Terminology Tuesday: Christian Platonism
Christian Platonism is that complex strand of theology which is influenced by the philosophy of Plato (427–347 BC) and Plato’s successors. Hellenistic influence over later Jewish thought, particularly Philo, ensured that Christianity was directly or indirectly affected by Platonic philosophy from its inception. This clear influence of Plato and Platonism can be traced at least as far back as Clement of Alexandria and Origen. Alongside the Cappadocian Fathers of the East, Augustine of Hippo is often identified as the most prominent Christian Platonist of the patristic period. His popularity amongst both Catholic and Protestant theologians during the Reformation ensured the lasting influence of Platonist thought within Christian theology. Platonism was particularly influential in the work of Christian mystics of the East (Pseudo-Dionysius the Areopogite, John Climacus, c. 570–c. 649) and West (John Scotus Eriugena, Bernard of Clairvaux). Christian theology’s encounter with pagan Neoplatonism, particularly the work of Plotinus (c. 205–270) and Proclus (410/412–85), also ensured that Plato’s influence would remain strong.
Despite the introduction of the works of Aristotle in the twelfth century, the theology of the high Middle Ages is deeply influenced by various forms of Platonism. This can be seen clearly in the work of Thomas Aquinas. Marcilio Ficino (1433–99) did much to transmit Platonic texts and ideas in the Renaissance, while the Cambridge Platonists of the seventeenth century called for a return to what they regarded as the Platonic roots of Christian thought. Today, Christian Platonism remains highly influential, particularly amongst those who espouse an apophatic doctrine of God which resists the influence of nominalism in late medieval and modern philosophy and theology. Of particular note is the theological sensibility known as Radical orthodoxy and the work of more recent Christian mystics such as Simone Weil (1909–43).
Christian Platonism is impossible to characterize in any straightforward fashion. It is often assumed to be dualistic in character, yet this is mistaken. It is precisely in Augustine’s rejection of Manichean dualism and his view that only the good is primordial and real, with evil being the absence or privation of the good, that we see his Platonism most clearly. It is also sometimes thought that Christian Platonism regards material nature as corrupt or corrupting. Once again, this would be too crude a reading of the Platonist tradition. Christian Platonism is perhaps most clearly characterized by the development of Plato’s doctrine of the Forms. Rather than existing in an independent realm in which the visible world participates, in Christian thought the Forms are understood as ideas in the mind of God (see Thomas Aquinas, Summa Theologiae 1a.15). It is by participating in the divine ideas that creatures receive being and intelligibility. The importance of the soul as the hinge between the material and the immaterial, sharing characteristics of both, is also emphasized.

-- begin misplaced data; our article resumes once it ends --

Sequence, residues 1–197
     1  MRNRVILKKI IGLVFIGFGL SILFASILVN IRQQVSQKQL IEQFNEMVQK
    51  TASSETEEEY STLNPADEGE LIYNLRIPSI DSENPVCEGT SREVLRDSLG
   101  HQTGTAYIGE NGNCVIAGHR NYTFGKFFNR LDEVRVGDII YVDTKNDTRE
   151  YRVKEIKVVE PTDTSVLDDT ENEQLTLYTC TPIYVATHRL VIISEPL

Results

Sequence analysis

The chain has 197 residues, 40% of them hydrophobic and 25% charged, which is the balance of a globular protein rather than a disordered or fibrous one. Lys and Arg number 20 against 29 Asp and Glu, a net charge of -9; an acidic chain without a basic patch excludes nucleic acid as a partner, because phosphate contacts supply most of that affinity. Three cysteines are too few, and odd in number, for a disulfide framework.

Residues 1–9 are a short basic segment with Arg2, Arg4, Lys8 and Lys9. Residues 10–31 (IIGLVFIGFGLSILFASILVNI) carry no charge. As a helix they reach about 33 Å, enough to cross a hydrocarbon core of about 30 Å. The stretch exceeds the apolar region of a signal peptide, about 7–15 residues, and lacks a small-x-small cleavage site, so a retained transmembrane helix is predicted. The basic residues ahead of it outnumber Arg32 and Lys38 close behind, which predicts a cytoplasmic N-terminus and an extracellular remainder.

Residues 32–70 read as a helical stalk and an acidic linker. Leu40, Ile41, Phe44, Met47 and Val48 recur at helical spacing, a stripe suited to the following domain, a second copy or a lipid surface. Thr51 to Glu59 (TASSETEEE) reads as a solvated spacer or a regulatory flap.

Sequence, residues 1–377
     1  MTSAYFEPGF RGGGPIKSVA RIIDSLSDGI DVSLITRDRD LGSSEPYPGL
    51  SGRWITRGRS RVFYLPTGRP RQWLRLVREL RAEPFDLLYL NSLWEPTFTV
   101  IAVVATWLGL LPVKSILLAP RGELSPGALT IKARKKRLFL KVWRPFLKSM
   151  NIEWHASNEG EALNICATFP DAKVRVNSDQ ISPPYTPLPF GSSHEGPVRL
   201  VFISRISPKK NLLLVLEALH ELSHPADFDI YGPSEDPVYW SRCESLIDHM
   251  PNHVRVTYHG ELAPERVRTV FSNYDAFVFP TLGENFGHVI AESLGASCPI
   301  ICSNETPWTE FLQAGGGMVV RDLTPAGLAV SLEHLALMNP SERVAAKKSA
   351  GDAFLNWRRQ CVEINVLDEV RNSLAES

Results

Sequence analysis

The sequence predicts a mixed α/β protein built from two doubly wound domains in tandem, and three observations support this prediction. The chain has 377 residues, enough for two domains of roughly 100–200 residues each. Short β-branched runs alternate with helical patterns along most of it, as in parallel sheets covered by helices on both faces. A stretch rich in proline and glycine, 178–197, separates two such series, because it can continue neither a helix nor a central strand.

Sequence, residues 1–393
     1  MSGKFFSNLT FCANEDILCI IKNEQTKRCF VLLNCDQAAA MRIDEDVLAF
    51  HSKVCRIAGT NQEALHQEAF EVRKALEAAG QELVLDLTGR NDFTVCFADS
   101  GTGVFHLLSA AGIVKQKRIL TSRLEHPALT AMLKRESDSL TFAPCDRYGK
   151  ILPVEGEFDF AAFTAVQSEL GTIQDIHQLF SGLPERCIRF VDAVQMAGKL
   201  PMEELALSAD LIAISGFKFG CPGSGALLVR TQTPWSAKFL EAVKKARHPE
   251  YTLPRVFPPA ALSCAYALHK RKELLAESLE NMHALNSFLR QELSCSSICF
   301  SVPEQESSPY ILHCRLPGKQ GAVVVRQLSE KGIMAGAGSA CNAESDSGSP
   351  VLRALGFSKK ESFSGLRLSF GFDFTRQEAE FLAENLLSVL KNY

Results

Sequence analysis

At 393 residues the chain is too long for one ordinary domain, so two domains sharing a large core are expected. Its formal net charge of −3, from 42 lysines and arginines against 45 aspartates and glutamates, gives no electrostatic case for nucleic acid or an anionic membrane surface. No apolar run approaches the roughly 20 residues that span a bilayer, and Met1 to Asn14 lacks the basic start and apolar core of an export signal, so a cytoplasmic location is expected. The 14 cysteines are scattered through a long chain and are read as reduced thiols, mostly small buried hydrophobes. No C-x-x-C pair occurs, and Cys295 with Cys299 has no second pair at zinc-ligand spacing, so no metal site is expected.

J. Cleary (ed.), Traditions of Platonism: Essays in Honour of John Dillon (Aldershot, 1999); J. Dillon, The Middle Platonists: A Study of Platonism 80 BC to AD 200 (rev. edn, Ithaca, 1996); idem, The Great Tradition: Further Studies in the Development of Platonism and Early Christianity (Aldershot, 1997); E. J. Doering and E. O. Springted (eds.), The Christian Platonism of Simone Weil (Notre Dame, 2004); G. O’Daly, Platonism Pagan and Christian: Studies in Plotinus and Augustine (Aldershot, 2001); J. Rist, Platonism and Its Christian Heritage (London, 1985); A. E. Taylor, Platonism and Its Influence (London, 1925).
Oliver, S. A. (2016). Platonism, Christian. In M. Davie, T. Grass, S. R. Holmes, J. McDowell, & T. A. Noble (Eds.), New Dictionary of Theology: Historical and Systematic (Second Edition, pp. 681–682). London; Downers Grove, IL: Inter-Varsity Press; InterVarsity Press.